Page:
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Media Training

Volume 409: debated on Friday 18 July 2003

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To ask the Secretary of State for Education and Skills what the cost was to his Department of media and voice training for ministers and officials in each year since 1997. [123121]

We have no record of any Minister in this Department receiving media or voice training since 1997.We do not hold information centrally on any such training undertaken by officials and would only be able to collect it at a disproportionate cost.

To ask the Secretary of State for Education and Skills pursuant to his Answer of 8 July 2003, Official Report, columns 677-68W, on medical schools, what additional funding is attracted by applicants for medical schools with the equivalent of (a) more and (b) less than 3 Cs at A level who attend the same medical schools. [125672]

The Higher Education Funding Council for England (HEFCE) allocate funding for widening participation and improving retention by assigning students to one of six categories. There are two age categories (which relate to whether the student is under or over the age of 21), each of which is divided into three risk categories as follows:The number of entrants to medicine, dentistry or veterinary science are, shown in the table:

Young entrants (under 21)Mature entrants (over 21)

To ask the Secretary of State for Education and Skills pursuant to his Answer of 8 July 2003, Official Report, columns 677-78W, on medical schools, what the (a) drop-out rate from medical schools and (b) drop-out rate from medical schools for students who attract additional funding because they have pre-entry qualifications lower than the equivalent of 3 Cs at A level were in each of the last five years. [125674]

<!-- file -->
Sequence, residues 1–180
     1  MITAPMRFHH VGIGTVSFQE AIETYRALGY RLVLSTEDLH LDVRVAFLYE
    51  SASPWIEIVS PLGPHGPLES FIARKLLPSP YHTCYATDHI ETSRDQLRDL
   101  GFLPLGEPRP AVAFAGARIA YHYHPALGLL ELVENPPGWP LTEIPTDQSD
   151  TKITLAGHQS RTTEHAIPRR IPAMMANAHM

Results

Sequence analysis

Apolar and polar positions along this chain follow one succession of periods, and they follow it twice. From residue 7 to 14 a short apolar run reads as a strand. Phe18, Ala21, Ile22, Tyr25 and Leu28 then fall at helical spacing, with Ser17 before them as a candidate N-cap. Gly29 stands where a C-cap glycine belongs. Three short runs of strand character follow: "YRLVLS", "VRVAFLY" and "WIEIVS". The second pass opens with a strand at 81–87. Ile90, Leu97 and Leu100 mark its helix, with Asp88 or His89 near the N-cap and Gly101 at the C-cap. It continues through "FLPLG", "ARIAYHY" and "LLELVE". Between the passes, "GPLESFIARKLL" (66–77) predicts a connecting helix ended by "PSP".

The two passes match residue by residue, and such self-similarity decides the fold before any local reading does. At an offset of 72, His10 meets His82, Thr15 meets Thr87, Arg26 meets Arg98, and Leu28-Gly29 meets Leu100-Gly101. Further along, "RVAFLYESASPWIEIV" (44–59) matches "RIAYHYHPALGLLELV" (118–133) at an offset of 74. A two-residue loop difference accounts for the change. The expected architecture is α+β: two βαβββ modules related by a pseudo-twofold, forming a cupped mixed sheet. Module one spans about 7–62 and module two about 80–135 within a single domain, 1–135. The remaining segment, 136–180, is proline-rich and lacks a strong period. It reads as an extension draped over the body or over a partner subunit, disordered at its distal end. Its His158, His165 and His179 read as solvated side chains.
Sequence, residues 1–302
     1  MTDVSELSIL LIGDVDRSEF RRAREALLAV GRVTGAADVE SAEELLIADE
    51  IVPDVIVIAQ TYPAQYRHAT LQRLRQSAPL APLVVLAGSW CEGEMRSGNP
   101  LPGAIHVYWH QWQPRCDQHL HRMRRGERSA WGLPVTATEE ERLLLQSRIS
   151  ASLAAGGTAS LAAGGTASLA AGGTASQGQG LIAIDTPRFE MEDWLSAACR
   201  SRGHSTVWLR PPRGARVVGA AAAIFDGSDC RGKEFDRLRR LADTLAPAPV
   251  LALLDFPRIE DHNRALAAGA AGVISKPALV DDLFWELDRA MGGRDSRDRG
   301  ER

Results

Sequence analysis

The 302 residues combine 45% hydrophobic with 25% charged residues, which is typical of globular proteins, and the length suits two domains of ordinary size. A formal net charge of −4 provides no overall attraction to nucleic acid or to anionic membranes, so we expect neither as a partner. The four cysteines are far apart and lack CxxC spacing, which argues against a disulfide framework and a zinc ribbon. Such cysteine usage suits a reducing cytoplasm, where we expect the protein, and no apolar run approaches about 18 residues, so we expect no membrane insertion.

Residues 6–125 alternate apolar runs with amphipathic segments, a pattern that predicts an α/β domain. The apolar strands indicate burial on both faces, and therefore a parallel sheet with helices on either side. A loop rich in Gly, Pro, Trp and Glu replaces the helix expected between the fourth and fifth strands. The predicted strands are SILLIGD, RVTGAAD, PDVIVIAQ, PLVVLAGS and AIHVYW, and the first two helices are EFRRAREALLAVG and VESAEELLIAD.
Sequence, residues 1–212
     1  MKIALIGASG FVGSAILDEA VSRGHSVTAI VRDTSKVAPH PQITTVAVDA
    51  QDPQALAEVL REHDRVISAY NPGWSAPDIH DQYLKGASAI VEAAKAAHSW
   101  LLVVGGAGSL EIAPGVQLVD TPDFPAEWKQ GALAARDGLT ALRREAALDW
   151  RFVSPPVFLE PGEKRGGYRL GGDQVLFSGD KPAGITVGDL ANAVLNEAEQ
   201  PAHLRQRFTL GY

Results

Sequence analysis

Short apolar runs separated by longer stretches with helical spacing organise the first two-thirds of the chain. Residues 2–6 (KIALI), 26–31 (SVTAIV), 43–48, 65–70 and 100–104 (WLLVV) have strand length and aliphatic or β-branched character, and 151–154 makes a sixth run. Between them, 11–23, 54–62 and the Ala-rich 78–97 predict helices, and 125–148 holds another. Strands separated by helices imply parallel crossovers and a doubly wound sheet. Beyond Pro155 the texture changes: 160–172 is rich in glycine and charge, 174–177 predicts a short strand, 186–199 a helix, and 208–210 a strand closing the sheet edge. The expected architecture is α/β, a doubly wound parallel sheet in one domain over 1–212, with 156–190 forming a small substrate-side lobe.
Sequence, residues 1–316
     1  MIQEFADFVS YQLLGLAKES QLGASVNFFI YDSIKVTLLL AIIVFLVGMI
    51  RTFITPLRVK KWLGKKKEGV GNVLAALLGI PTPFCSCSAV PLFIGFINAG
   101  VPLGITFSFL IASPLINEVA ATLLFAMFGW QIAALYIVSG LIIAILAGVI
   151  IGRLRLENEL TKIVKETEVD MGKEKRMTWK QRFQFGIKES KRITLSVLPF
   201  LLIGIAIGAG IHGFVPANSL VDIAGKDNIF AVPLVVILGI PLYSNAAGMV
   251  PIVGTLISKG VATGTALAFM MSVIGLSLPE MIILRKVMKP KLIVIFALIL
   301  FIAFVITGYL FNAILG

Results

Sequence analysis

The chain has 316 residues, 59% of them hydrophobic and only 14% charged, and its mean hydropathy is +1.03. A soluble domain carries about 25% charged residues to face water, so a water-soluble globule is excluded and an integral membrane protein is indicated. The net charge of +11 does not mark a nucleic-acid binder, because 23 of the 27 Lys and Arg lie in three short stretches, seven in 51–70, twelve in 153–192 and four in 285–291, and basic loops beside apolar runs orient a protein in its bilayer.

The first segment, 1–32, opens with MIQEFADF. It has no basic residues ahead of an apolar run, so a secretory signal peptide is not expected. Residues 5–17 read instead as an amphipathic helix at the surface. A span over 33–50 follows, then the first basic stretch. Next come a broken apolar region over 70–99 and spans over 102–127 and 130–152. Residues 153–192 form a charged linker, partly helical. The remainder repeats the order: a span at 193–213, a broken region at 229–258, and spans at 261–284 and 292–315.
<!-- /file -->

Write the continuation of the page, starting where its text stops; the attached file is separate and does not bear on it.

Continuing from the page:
In 1999/2000, the non-completion rate following year of entry for young students on medicine, dentistry or veterinary science courses was 2 per cent. This figure has remained broadly static since 1997/98. For students with the equivalent of less than 17 points at A level, the non-completion rate was 5 per cent. in 1999/2000.

To ask the Secretary of State for Education and Skills how many applications there were for each place at medical schools in the last year for which statistics are available; and what the average A level points score was of the successful candidates. [124170]

Figures available are from the Universities and Colleges Admissions Service (UCAS) and cover applications and acceptances for full-time entrants to first degree courses at UK institutions. Information covering entry in autumn 2002 is in the table.

Applicants1 and acceptances to medical schools through UCAS by domicile, 2002 entry
Other overseas1,771530
All domiciles11,9356,959
1 In 2002, each applicant could make up to 6 applications of which up to four could be to medical schools.
The figures show that there were 1.7 applicants for each medical school place.The UCAS tariff was introduced for 2002 entry and replaced the 'A' level points score. The tariff establishes agreed equivalences between different types of qualifications and reports achievement for entry to Higher Education in a numerical format. This allows comparisons between applicants with different types and volumes of achievement. In 2002 the average tariff score relating to solely A level qualifications, for UK domiciled accepted applicants with 2 or more A levels was 405.6 (where an A grade at 'A' level is equivalent to 120 points and lower points scores relate to other grades).